Sun, Oct 19, 2008 - Page 1 News List

Bush excludes Taiwan from US visa-free list

ESTONIA YES, TAIWAN NO Except for machine-readable passports, Taiwan seemingly met all of the criteria for inclusion in the US’ ‘Visa Waiver’ program

By Charles Snyder  /  STAFF REPORTER IN WASHINGTON

Taiwanese hopes for more favorable visa treatment from the US were dashed on Friday when US President George W. Bush named 13 new countries as immediate or pending beneficiaries of its “Visa Waiver” program. The list excluded Taiwan.

Taiwan’s supporters in Washington were outraged at the omission and blamed the administration’s close ties to China.

Taiwanese officials in Washington had no comment on the announcement, according to an aide to Taiwan’s envoy in Washington, Jason Yuan (袁健生).

Yuan was involved in meetings on Friday and could not respond to the Taipei Times on the issue.

Other Taiwanese officials in Washington had expressed optimism that Taiwan would eventually be included in the visa program.

A White House spokesman indicated that Taiwan could be admitted to the program in due course.

Saying he had no details on Taiwan’s position, the US official told the Taipei Times that “this is not to rule out anyone else in the future. I would expect immigration officials on a bilateral basis to continue discussions with those countries that are interested ... It is a process, the program is organic.”

The program allows passport holders of friendly countries with low security risk to enter the US for up to 90 days for business, pleasure or transit without a visa. US officials had previously identified Taiwan as a candidate eligible for visa-free status.

A recent report by the Government Accountability Office (GAO), a US government watchdog, has criticized the administration for mistreating Taiwan in operating the Visa Waiver program. It accused the State Department and the Department of Homeland Security of not informing Taiwan of its status in its bid for inclusion, adding that the agencies “created confusion” and failing to explain why the US was not negotiating with Taiwan.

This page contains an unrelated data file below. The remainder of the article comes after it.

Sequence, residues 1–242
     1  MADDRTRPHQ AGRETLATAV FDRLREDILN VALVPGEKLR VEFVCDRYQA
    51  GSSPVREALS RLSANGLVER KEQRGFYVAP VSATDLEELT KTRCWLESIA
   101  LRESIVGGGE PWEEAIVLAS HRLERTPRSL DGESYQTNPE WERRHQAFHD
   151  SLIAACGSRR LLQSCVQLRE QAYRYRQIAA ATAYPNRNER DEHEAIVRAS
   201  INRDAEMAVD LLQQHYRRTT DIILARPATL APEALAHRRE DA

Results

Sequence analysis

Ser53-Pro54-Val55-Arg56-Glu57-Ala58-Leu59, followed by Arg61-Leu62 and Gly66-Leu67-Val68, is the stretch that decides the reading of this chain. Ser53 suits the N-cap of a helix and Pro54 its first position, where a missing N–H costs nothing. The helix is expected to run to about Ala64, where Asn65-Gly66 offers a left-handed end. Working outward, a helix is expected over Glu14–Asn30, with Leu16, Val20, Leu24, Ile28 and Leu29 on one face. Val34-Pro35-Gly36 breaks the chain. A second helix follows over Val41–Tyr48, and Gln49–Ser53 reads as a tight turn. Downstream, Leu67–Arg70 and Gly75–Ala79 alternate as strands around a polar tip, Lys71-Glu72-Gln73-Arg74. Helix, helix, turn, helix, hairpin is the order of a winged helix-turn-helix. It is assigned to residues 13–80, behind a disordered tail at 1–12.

The program was created in the wake of the Sept. 11 terrorist attacks to keep potential terrorists out of the US and to use favorable visa treatment to reward friendly countries that supported the US-led “war on terror” and did not pose a security risk.

The program was initially limited to countries with “refusal rates” — the number of people refused entry by US consular officials abroad (including the American Institute in Taiwan) — of below 3 percent each year.

Last year, Congress enacted a law that would allow countries with refusal rates less than 10 percent to be added to the program. The GAO report showed that Taiwan last year had a rate of 5 percent, though Taiwanese officials say the real rate was about 3.8 percent, well below the rates of most countries added this year. The rates of some of those countries exceeded 10 percent last year, the GAO said.

The law also requires that at least 97 percent of people who enter the US from a given country leave the US on time.

Other requirements are that the government in question exercise effective border control, issue secure travel documents and have a reliable system for reporting lost or stolen passports.

Another requirement, which could have affected Taiwan’s inclusion in the current list, is machine-readable passports with biometric information, including a digitized photograph.

But Taiwan’s real problem, according to some of its supporters, is political.

“It is a disgrace,” said Coen Blaauw, executive director of the Formosan Association for Public Affairs.

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